Duplin budget creates uncertainty for teachers
By Turner Walston
Published in News on July 2, 2006 2:09 AM
KENANSVILLE -- Budget constraints may force some Duplin County educators to look for work outside the county, school officials said. Duplin Schools passed an interim budget, mindful that they would not have final numbers by the beginning of the fiscal year.
"When we get that information, I'll have to sit down and recalculate all of our salary and benefit increases for our budget," interim finance officer Dr. Bob Tart said. "We already know that our total revenue is not going to coverall of the budget requests made for fiscal year 2007."
The school district initially requested more than $10 million from the county for current expenses. They were allocated nearly $6.6 million, $500,000 more than last year's total.
"We felt it was important that we do that because those requests represent our school needs," Duplin Superintendent Dr. Wiley Doby said of the $10 million request. "It's not a Cadillac. It's not a Taj Mahal. It's our actual needs."
The school board also requested salaries for 25 locally-paid teachers, but cuts had to be made, Doby added.
"What the state alone allots you is not sufficient," he said. "For planning purposes right now, and the shortfall that we foresee, we're now planning on 12."
Other staff members will feel impact of budget cuts also.
"We've had to notify all of our (teacher assistants) that they may not be re-employed, depending on the availability of funding," Tart said. "It is causing a lot of re-organization and a lot of pain at the school level."
Despite the need for cuts, they don't come easy, Doby said.
"These are all potential cuts that we hate so bad to even have to think about," he said. "Of all the expenses of the school system, personnel is probably 80 percent of that."
The total is even more when you factor in benefits, Tart said, adding other expenses, including utilities, are non-negotiable.
"You can't quit paying your light bill," he said. "To keep the doors to the buildings open, you don't have discretionary billing."
The need for cuts come at a difficult time, while recruitment and retention efforts for educators are ongoing.
"It's a catch-22 situation," Tart said, adding the fallout from personnel would not be as much as was anticipated.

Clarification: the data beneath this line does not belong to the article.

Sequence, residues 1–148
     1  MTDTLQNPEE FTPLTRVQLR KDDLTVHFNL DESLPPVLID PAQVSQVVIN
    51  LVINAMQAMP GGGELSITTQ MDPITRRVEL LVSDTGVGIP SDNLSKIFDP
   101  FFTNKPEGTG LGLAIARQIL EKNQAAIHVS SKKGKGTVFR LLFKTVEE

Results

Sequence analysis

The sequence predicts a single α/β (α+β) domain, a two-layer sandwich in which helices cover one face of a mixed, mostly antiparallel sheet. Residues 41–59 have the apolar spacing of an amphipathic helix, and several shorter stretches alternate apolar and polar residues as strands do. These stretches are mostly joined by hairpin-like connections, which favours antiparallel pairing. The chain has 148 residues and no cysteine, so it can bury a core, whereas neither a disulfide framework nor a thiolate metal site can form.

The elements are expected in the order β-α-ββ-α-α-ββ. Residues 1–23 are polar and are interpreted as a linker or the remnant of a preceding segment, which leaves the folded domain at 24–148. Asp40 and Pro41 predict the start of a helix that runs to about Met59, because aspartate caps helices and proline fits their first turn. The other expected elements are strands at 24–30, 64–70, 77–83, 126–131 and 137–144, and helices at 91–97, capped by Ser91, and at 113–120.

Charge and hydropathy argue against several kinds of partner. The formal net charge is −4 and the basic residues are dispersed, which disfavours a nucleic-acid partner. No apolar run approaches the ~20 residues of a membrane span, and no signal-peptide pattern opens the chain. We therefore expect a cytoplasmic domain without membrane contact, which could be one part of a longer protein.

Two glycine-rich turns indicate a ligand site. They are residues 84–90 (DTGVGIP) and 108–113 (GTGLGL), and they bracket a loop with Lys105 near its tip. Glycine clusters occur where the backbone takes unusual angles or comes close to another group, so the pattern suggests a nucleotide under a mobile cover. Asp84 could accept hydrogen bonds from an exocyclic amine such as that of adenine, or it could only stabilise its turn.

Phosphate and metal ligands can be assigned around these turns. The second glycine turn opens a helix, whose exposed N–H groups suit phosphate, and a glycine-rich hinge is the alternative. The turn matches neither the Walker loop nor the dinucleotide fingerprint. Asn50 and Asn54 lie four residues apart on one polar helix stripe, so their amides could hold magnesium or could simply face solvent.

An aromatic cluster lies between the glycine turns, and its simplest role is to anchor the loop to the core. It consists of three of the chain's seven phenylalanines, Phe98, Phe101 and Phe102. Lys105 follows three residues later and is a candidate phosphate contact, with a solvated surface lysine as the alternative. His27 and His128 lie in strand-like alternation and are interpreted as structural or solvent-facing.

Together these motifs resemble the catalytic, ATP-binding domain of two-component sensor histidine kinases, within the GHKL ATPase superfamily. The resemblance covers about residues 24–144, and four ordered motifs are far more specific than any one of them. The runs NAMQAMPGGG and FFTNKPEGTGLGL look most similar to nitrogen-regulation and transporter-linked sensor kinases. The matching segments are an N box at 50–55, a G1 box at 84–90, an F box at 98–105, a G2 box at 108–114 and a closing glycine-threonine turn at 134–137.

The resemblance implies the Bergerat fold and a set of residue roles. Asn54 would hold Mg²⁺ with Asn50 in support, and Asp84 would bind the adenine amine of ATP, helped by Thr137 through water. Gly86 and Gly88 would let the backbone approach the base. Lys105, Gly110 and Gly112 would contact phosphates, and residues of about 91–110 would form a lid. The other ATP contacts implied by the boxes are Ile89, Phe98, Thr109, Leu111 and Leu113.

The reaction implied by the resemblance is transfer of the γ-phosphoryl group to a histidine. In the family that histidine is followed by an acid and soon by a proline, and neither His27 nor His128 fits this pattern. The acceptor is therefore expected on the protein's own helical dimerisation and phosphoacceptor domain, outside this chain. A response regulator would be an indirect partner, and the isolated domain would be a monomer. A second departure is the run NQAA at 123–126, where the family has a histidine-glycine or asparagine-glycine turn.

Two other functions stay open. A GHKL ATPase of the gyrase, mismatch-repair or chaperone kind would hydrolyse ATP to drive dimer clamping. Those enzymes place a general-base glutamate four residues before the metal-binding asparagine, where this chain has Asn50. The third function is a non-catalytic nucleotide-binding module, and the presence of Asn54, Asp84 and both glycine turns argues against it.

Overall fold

At one time, he projected the county would lose about 45 teachers. Now that number is looking closer to ten or 15, he said.
Tart said he speaks with school employees daily on the situation.
"I have to tell them, 'If I'd been told my position is in question, and I had another job offer, I'd take it,'" he said. "That's not an easy thing for me to tell someone that I'd like to see stay with us," Tart said. "It's almost like telling one of your family members they have to leave the nest for a while."
In making cuts, it's important to treat people the right way, Doby said.
"We want to be fair to our people," he said.
But staff cuts alone won't get the job done.
"The physical needs of our school system are astounding," he said. "Just look at some of the facilities. That's not saying anything negative about our maintenance department or our principals. It's a lack of money. Our buildings need a coat of paint. These are the kind of needs that we are talking about. They are very definite needs."
Most of the construction Duplin schools occurred as a result of federal programs instituted in the 1970s and funds made available by the state through critical school needs funding, state public school building bonds, and capital school building funds, Tart said. Years later -- more than thirty for some schools -- maintenance is a problem.
"I guess you can liken it to being given a brand new car, but you don't have enough money to change the oil in it, replace the tires, and keep it well-maintained," he said.
"It's hard to run the car without sufficient tires," Doby added.
Lottery money isn't coming yet, either. Doby said the state is setting lottery proceeds aside for new school constructions and projects.
"They're putting it into this reserve account in case the projected lottery proceeds, as is my understanding, don't meet their projections," Doby said.
While money doesn't cure all ills, Doby said it helps.
"Money's not everything, but it is certainly extremely important," Doby said. "It's crucial in order for us to provide the best possible education for our students."
Doby said he appreciated the "outstanding support" of school employees, school board members, parents and members of the community who made their voices known to county commissioners during the budget process.
"It has to be a continual effort," he said. "It can't stop now. We've got to continue to push the ball up the court."
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